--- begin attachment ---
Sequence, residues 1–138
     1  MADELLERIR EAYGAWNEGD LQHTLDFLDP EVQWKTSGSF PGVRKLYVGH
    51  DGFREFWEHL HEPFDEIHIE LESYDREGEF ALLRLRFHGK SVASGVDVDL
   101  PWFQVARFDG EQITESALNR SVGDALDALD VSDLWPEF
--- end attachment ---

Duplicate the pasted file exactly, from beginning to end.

Sequence, residues 1–138
     1  MADELLERIR EAYGAWNEGD LQHTLDFLDP EVQWKTSGSF PGVRKLYVGH
    51  DGFREFWEHL HEPFDEIHIE LESYDREGEF ALLRLRFHGK SVASGVDVDL
   101  PWFQVARFDG EQITESALNR SVGDALDALD VSDLWPEF